An important point to clarify is the meaning of "free of bugs". Correctness only makes sense relative to a specification. Only once you have decided what property you care about (your definition of "correctness"), can you start to think about how to prove it.
For safety properties (memory safety (buffer overflows, use after free, etc.), undefined arithmetic (overflow, divide by zero, etc.), unhandled exceptions, etc.), there are popular approaches to detect or prevent them automatically, via type systems ("well-typed programs do not go wrong") or program analyses (e.g., Infer).
Functional correctness is a class of properties that relate your program to a "high-level" specification. For example you may expect that a function
int sum(int* x) does compute a sum $\sum_i x_i$, and that allows you to think about that function as the mathematical sum without worrying about how the numbers are laid out in memory. Since there is no hope for full automation for the most expressive specification languages, this is an area where proof assistants have a lot of potential (and it has been active for decades).
A most popular example is sel4, a microkernel written in C and verified in Isabelle/HOL. In the following excerpt, note again the precision of "against its specification":
seL4's implementation is formally (mathematically) proven correct (bug-free) against its specification, has been proved to enforce strong security properties, and if configured correctly its operations have proven safe upper bounds on their worst-case execution times. It was the world's first operating system with such a proof, and is still the only proven operating system featuring fine-grained capability-based security and high performance. It also has the most advanced support for mixed criticality real-time systems.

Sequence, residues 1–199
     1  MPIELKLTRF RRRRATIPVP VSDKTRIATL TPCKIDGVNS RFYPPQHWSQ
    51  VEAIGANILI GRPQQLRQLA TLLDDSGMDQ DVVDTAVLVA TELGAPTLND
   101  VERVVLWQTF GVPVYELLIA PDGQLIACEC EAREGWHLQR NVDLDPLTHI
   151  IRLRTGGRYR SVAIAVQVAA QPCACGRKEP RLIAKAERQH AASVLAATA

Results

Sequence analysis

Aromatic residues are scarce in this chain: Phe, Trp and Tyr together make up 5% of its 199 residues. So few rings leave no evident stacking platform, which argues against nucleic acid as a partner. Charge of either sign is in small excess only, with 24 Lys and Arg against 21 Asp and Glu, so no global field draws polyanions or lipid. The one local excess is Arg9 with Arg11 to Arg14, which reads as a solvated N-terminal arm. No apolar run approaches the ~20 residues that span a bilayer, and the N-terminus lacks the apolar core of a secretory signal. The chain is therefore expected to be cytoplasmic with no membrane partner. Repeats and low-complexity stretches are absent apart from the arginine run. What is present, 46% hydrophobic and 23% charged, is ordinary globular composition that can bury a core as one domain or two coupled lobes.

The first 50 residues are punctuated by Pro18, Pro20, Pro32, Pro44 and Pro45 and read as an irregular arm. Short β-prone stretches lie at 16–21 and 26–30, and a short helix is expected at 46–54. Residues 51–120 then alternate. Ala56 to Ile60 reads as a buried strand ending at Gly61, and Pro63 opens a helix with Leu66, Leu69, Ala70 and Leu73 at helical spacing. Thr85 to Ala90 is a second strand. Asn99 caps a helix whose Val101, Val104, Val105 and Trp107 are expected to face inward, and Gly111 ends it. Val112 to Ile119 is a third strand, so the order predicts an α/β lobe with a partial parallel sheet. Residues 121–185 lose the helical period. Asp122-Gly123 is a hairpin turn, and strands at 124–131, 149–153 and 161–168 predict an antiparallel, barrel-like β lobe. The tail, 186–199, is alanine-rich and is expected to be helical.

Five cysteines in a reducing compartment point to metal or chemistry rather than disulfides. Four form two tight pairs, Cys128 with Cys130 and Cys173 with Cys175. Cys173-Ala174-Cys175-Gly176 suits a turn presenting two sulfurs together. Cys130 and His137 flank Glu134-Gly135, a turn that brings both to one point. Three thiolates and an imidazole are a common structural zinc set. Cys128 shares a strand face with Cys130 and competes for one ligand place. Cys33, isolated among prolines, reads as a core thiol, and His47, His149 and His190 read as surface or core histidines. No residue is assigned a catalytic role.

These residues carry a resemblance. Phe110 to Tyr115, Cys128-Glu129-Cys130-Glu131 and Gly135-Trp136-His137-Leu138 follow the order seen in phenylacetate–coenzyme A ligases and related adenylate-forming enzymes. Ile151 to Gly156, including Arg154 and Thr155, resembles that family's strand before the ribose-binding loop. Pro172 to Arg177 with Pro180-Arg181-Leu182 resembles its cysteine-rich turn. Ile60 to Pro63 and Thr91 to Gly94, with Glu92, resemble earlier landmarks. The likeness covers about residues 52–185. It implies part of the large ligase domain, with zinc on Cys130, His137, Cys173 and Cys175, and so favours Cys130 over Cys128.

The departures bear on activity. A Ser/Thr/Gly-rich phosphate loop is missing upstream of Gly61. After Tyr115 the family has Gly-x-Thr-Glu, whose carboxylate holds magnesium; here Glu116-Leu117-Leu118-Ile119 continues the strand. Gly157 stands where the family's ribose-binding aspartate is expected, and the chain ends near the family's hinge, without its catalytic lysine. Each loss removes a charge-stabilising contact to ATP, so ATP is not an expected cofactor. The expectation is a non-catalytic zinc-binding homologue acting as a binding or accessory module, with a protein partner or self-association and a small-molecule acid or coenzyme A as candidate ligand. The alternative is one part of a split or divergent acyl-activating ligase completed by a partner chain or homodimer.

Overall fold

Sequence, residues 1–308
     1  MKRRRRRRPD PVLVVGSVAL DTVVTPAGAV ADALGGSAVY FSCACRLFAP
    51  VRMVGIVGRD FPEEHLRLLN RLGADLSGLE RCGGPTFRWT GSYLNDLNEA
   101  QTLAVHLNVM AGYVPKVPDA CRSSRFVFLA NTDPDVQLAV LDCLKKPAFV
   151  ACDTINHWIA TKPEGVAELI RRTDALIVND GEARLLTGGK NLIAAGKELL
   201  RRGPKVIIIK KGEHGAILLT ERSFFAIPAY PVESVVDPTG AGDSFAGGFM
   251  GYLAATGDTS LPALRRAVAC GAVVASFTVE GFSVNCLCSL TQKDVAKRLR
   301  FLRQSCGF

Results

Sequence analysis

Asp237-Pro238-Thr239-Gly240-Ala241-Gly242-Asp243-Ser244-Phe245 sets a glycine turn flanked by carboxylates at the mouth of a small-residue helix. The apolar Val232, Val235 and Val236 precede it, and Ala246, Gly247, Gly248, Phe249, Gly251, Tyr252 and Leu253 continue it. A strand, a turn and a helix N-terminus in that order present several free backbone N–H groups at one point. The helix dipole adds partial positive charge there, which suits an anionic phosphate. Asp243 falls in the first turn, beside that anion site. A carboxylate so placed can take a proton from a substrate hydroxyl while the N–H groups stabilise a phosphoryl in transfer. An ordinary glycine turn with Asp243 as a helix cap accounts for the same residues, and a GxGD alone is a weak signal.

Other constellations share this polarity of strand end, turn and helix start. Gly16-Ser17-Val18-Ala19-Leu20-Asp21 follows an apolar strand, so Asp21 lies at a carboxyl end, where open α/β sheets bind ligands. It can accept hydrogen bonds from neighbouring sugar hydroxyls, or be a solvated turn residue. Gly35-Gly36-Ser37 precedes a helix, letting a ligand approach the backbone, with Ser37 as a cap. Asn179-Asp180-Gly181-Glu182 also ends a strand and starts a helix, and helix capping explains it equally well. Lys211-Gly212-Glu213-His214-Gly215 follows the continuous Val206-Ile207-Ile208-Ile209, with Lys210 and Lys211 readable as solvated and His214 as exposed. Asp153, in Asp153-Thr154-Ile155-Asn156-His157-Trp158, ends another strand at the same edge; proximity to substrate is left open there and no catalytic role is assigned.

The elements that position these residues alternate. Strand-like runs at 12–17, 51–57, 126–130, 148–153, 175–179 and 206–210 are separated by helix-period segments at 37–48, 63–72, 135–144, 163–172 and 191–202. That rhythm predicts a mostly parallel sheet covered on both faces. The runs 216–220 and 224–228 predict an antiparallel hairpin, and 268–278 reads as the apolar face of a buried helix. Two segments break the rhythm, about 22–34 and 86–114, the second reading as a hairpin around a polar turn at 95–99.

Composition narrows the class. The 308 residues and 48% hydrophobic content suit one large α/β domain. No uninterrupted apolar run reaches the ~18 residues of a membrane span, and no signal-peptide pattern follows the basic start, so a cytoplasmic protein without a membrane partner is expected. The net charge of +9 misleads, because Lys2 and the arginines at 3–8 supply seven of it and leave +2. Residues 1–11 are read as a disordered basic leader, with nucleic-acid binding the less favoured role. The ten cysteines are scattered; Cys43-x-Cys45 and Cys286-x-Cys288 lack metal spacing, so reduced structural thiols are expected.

For another example, VST provides a program logic for C embedded in the Coq proof assistant. VST is particularly notable because it is formally related to a verified compiler, CompCert: there is a proof that VST's program logic is sound with respect to the same operational semantics that CompCert was proved against. Software Foundations, Volume 2 contains an introduction in Coq to Hoare logic, a core idea in the development of program logics for imperative languages, such as VST.
For a functional language such as Haskell, it is a lambda calculus at its core, similar to proof assistants based on type theory (Coq, Lean, Agda). hs-to-coq banks on that similarity, by translating functions into the proof assistant's language, so you can prove any properties expressible there.